EB: Absolutely. My editor didn't think the book was even possible given that I had no diaries and almost no letters from Henrietta herself. So it was almost DOA. But I pushed past that with some of the discoveries in the attic and elsewhere. There was a point when her depression and addiction melded with a sad and confusing time in my life and I wondered if the project might not make me ill.
HK: I’m a Jazz Age buff, and a Kentucky native, so as I read, I was thinking both of the timeline of some of my favorite authors and historical figures (thinking, e.g., “OK, Scott and Zelda would have been here, or Gerald and Sara Murphy would have been here”) and of a very local timeline (saying things like “the Miller house was a block down from the Woman’s Club” or “of course they all thought Henrietta was a gracious hostess; she was a Louisville girl!”) It almost felt like Henrietta lived two completely separate lives –freedom in London and duty in Louisville. When you were working on the book, how did you feel that place played into Henrietta’s story?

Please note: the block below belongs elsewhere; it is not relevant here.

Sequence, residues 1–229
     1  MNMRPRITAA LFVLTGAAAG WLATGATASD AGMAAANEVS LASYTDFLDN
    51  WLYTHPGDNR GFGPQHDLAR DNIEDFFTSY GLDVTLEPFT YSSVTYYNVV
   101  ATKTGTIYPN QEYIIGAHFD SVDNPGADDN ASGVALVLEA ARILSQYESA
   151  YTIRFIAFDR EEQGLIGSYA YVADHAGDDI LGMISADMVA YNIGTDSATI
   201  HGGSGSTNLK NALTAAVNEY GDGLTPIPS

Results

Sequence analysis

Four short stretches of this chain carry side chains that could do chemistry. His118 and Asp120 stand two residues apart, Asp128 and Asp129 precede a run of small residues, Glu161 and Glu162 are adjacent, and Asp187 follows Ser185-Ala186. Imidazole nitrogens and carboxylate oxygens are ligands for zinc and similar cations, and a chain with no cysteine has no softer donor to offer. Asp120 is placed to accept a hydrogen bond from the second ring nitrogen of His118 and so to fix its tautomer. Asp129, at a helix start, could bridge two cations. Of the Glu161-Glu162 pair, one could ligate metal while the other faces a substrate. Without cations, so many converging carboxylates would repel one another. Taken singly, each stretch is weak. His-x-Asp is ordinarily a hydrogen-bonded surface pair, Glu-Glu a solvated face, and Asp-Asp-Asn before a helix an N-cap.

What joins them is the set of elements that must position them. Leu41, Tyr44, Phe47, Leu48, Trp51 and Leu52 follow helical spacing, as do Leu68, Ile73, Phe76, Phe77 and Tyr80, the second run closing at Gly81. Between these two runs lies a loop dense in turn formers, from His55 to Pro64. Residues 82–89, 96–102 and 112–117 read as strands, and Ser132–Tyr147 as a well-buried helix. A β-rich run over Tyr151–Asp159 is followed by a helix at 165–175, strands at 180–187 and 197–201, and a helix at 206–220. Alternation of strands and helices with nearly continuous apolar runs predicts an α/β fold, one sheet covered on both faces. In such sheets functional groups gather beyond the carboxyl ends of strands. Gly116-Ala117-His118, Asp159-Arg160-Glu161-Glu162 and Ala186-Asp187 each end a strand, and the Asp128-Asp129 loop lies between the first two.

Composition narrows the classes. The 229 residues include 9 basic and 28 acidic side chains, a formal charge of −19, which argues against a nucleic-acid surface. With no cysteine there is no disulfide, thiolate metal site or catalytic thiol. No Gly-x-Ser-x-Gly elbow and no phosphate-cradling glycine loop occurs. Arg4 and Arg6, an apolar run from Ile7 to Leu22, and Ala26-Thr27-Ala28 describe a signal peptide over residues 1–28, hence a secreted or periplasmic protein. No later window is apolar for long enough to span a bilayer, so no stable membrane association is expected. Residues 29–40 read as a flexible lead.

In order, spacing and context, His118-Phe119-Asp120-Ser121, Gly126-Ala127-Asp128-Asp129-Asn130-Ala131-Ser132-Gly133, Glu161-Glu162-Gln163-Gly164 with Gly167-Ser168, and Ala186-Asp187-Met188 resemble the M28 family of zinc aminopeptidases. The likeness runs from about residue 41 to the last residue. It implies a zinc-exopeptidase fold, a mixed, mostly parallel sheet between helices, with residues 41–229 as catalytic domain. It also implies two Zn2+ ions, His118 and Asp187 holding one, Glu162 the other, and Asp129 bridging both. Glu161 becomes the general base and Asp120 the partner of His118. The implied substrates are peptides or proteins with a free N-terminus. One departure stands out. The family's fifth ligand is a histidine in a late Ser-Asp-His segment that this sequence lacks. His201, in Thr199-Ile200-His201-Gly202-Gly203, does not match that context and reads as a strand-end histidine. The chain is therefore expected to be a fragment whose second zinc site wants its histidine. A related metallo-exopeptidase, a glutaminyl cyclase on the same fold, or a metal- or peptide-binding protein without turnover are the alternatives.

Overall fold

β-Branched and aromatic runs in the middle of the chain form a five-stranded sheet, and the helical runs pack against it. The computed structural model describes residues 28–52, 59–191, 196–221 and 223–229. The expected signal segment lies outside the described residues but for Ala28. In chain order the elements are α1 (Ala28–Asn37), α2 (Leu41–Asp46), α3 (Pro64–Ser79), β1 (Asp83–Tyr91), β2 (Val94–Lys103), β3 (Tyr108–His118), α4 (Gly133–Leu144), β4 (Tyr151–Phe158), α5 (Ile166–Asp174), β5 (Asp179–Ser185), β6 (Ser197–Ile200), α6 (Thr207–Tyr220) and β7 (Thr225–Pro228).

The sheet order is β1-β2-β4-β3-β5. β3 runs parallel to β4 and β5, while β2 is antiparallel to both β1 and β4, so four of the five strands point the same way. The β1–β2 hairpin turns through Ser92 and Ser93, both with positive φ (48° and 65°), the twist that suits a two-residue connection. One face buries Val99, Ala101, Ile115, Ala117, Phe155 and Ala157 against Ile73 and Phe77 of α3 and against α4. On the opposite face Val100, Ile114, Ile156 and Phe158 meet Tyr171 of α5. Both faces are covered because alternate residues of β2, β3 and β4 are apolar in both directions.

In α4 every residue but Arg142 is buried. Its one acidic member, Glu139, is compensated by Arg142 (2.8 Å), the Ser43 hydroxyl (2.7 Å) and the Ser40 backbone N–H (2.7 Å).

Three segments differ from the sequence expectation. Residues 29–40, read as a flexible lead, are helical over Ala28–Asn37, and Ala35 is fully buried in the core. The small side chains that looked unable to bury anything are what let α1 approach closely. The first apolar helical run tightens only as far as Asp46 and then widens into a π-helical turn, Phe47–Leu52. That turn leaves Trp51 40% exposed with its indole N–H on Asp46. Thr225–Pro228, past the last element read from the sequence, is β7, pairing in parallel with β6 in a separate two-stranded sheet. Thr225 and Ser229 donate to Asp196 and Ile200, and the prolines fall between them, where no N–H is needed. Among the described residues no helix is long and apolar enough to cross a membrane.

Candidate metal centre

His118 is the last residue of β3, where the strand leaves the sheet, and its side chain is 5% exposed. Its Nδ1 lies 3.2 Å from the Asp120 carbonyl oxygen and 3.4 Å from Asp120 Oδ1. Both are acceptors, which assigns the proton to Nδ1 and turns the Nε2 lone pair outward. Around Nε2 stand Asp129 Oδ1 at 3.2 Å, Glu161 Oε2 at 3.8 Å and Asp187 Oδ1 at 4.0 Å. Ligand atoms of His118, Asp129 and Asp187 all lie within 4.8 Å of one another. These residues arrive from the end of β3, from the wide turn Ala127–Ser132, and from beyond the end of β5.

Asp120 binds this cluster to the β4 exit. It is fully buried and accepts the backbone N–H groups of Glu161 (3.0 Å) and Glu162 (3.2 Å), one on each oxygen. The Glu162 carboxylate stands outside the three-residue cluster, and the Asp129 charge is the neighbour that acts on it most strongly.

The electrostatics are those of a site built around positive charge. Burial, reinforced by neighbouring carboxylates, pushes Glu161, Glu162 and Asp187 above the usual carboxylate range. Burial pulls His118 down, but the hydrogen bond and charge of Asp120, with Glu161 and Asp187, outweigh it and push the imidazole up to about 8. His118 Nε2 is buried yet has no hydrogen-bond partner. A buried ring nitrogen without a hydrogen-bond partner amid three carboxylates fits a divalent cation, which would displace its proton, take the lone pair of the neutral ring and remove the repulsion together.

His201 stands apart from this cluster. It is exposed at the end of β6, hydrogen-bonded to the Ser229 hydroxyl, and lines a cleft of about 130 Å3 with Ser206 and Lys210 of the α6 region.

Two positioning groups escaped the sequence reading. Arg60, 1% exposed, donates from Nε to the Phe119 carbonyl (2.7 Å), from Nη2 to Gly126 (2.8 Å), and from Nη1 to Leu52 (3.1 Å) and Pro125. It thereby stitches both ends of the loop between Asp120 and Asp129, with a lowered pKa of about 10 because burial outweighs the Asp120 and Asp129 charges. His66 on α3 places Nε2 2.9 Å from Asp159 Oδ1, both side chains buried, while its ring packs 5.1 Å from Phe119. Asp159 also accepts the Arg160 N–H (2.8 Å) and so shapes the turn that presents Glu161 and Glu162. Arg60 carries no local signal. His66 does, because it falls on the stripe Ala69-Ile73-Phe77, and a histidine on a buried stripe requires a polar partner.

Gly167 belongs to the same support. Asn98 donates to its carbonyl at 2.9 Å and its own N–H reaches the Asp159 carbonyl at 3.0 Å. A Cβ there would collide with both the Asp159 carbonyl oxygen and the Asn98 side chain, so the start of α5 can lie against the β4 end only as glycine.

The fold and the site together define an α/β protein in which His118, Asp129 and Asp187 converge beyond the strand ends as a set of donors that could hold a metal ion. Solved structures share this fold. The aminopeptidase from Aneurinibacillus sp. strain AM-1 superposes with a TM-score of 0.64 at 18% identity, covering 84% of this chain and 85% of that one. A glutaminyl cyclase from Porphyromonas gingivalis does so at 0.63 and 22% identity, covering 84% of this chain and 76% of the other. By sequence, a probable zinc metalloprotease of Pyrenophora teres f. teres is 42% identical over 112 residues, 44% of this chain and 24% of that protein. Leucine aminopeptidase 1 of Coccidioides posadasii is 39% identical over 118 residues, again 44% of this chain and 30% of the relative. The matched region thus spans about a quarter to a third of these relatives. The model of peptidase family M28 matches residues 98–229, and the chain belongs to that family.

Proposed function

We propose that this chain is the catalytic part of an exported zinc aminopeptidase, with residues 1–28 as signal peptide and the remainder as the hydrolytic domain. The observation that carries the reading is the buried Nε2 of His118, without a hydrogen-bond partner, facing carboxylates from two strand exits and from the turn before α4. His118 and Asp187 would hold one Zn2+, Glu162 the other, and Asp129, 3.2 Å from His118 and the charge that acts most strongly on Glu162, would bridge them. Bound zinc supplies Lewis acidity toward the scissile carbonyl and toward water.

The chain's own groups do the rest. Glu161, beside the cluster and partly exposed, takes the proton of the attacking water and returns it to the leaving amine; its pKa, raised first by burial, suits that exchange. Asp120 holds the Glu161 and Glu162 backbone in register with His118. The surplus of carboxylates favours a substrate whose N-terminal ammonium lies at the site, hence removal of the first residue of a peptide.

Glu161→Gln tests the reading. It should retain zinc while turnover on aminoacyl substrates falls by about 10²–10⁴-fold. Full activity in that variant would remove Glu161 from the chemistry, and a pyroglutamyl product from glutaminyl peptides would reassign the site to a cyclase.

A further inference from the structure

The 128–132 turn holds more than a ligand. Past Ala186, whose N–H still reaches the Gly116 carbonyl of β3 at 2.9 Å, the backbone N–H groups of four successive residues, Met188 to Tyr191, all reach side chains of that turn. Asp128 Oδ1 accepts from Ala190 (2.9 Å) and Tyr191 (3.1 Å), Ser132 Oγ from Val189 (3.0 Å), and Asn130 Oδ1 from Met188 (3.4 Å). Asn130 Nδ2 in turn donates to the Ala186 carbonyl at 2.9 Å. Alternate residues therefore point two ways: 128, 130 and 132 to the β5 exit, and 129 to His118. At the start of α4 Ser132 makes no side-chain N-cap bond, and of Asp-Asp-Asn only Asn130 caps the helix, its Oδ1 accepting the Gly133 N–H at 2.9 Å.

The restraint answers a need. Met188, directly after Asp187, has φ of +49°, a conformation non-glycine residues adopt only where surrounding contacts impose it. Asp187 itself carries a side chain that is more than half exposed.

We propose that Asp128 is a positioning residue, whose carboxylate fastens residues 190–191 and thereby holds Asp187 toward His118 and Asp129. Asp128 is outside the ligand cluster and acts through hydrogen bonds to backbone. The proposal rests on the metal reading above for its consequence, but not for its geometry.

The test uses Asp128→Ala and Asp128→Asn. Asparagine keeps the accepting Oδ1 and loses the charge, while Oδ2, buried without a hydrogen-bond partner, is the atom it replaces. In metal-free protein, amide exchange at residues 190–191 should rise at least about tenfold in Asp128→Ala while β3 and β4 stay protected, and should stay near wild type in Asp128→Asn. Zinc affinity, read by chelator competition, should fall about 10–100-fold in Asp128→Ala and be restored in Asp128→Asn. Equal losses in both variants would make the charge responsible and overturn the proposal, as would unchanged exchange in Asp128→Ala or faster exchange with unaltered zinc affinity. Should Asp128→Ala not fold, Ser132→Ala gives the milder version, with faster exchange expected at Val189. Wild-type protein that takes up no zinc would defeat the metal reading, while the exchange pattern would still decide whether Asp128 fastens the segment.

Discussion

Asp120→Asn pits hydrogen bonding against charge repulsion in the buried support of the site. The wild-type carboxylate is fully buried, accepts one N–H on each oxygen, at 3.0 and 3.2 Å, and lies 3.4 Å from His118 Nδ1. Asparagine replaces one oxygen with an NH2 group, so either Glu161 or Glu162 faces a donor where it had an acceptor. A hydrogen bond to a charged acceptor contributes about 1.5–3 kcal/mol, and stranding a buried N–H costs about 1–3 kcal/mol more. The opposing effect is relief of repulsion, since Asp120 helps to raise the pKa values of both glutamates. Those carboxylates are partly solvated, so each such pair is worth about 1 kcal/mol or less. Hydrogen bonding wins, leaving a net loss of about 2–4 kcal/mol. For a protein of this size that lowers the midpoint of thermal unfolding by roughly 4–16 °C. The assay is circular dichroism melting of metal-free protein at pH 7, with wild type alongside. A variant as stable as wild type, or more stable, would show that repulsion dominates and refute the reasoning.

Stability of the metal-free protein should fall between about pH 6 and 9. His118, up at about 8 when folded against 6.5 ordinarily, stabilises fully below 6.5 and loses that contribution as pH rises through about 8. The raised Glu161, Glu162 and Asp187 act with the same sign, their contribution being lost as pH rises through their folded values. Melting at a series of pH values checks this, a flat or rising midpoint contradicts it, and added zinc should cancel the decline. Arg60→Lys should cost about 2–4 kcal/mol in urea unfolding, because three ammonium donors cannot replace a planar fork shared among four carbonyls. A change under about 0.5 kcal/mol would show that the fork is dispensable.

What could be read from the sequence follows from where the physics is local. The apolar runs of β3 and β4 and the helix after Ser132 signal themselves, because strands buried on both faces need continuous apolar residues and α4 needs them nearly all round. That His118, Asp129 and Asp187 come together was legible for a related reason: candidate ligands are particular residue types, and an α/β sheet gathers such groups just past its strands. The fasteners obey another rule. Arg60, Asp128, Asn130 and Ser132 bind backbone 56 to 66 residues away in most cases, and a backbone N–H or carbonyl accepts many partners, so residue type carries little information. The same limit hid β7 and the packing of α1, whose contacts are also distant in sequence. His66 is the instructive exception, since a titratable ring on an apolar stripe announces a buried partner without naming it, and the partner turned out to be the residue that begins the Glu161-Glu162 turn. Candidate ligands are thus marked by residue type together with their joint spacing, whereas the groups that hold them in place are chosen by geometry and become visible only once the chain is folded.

EB: Henrietta felt very connected to her Kentucky and southern roots. There is a remarkable passage in the pages John Houseman cut from his memoir: see page 180-181. He was drawn in by the romance of Kentucky but later he came to see things in a more nuanced way. Here's a bit more of it: "I discovered that Louisville was, in reality, a typical middle-Western American city, indistinguishable from Indianapolis or Cincinnati, and that its main claim to national fame -- Churchill Downs, scene of the Kentucky Derby -- was ringed with factories and power plants that made it, without question, one of the most squalid hippodromes in the United States. Yet, for close to a century, from Foster to Fitzgerald, the legend of Louisville's romantic fascination had persisted--and not without reason. For in its own mysterious way the spell worked -- not only on public occasions such as the long Derby weekend, when the entire population, swollen by streams of visitors, lived in a state of collective alcoholic hallucination, but also, in a more intimate way, each time the natives came together and succeeded, through sheer emotional energy, in generating and sustaining an atmosphere of glamour and gaity that was no less magical for being achieved almost entirely with Bourbon and mirrors."